Clive was able to pass Mr Aamer's letter on to me, and I was profoundly touched that Hey You had had such a resonance with him. Other parts of his letter reinforced how much this man was suffering. He explained that for most of the time, he had to stay in his tiny cell and was denied access to a computer, books, journals or even stationery.
He was occasionally allowed to write a letter, but even this was difficult because the pens provided by the guards were wobbly and soft, like a ballpoint with the plastic outer casing removed.
Apparently, this was a security precaution to stop the detainees attacking their guards - an obviously ridiculous measure, given that the guards outnumbered the prisoners ten to one and were armed with M16 rifles.
On a more uplifting note, in his letter Mr Aamer paid tribute to an American Christian pastor who had been in touch with him and had spoken of his work to build an understanding between Christianity and Islam.
But then, his entire story seemed to undermine the American claims that he was a dangerous extremist embedded with Al-Qaeda and bent on the destruction of Western civilisation.
Born in Saudi Arabia and trained as a nurse, he came to Britain in the mid-1990s, married a British woman and started a family.
In 2001, he moved with his family to Afghanistan, where he began work for a humanitarian charity. This fact is disputed by the Americans, who claim he became an Al-Qaeda fighter.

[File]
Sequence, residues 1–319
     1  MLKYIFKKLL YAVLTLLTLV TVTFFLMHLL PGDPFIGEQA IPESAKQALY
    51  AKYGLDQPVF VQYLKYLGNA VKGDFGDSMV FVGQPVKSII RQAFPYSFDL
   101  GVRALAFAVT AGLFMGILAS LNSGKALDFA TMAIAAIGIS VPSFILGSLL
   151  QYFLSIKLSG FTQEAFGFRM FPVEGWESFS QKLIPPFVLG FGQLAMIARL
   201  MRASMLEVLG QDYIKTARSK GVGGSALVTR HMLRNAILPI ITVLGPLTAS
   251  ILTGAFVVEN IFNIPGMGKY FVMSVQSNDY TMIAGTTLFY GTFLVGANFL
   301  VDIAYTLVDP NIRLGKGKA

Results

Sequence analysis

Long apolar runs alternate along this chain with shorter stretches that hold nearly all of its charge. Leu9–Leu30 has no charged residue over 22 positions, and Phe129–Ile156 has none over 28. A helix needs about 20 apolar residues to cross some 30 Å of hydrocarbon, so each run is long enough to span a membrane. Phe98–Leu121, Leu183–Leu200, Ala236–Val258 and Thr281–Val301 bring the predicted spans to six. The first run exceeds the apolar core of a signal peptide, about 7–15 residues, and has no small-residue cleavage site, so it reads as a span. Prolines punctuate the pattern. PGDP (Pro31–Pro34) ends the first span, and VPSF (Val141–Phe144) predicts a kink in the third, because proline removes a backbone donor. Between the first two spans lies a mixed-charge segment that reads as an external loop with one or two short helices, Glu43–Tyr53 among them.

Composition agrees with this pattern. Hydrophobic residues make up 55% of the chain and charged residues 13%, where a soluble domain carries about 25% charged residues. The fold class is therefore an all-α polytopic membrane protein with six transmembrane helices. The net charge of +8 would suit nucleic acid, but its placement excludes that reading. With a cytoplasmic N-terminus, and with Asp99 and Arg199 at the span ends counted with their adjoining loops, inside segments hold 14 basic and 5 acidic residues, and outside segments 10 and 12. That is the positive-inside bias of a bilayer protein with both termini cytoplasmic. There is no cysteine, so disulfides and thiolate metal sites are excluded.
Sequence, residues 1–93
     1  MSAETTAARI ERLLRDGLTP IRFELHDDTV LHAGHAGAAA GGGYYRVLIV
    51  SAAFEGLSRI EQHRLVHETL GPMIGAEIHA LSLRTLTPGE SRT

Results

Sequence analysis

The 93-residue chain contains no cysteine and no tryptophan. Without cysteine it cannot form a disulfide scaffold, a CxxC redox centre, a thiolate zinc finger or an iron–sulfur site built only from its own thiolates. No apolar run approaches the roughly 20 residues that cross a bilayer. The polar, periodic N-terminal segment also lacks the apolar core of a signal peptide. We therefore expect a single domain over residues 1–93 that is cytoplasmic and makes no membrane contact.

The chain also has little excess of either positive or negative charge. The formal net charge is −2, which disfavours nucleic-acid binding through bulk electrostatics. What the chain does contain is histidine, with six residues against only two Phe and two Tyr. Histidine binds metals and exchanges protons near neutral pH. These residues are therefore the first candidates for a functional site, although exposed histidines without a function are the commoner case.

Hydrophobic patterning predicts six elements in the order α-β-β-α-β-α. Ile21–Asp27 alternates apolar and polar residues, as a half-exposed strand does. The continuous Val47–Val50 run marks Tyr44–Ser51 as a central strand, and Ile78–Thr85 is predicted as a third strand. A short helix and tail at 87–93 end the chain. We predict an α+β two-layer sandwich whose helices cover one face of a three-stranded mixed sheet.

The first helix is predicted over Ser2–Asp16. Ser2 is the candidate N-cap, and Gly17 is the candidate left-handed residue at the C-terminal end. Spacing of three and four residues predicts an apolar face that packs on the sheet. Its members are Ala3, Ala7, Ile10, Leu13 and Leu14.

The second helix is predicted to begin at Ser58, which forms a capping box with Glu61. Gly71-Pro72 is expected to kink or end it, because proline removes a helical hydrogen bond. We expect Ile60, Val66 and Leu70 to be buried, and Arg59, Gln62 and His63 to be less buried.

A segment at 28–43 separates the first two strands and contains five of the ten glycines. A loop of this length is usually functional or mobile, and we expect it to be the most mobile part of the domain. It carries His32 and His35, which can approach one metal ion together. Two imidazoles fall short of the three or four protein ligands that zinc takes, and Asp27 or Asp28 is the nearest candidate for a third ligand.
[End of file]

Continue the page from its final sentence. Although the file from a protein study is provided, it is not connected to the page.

Really? Where is the evidence?
Shaker has never been allowed to defend himself in a court of law. In effect, he has been held purely on the whim of the U.S. authorities.
This abuse of power exhibits all the hallmarks of despotism. Either we believe in freedom to live under the law, including the law of Habeas Corpus, or we don't. Either we, the so‑called enlightened West, are law-abiding or we are a tyranny.
The failure to heed this request must raise suspicions that American and British intelligence are worried that, if Mr Aamer is set free, he might reveal the shocking complicity of British intelligence in the savage interrogation of prisoners at Guantanamo, and at secret rendition sites elsewhere in the world.
Last month, I attended a gathering in Parliament Square in support of a movement to free Shaker Aamer. Among the others present was the campaigning journalist Andy Worthington. Andy, to his eternal credit, has devoted much of his recent working life to exposing the horrors of Guantanamo.
I was proud to be there, standing as I did alongside other Brits who still care about the law, about standards, about justice, about fair play.
Thanks to the recent Senate report into CIA torture, the public mood has changed, maybe even dramatically, in the past few days.
It is possible people are coming to see that justice is important and that the British legal principles dating back to Magna Carta in 1215 enshrine the rights of the individual and are to be defended at all costs.
Detention and incarceration without trial have absolutely no place in the legal system which we, the British people, are all rightfully proud to call our own.
Source: Daily Mail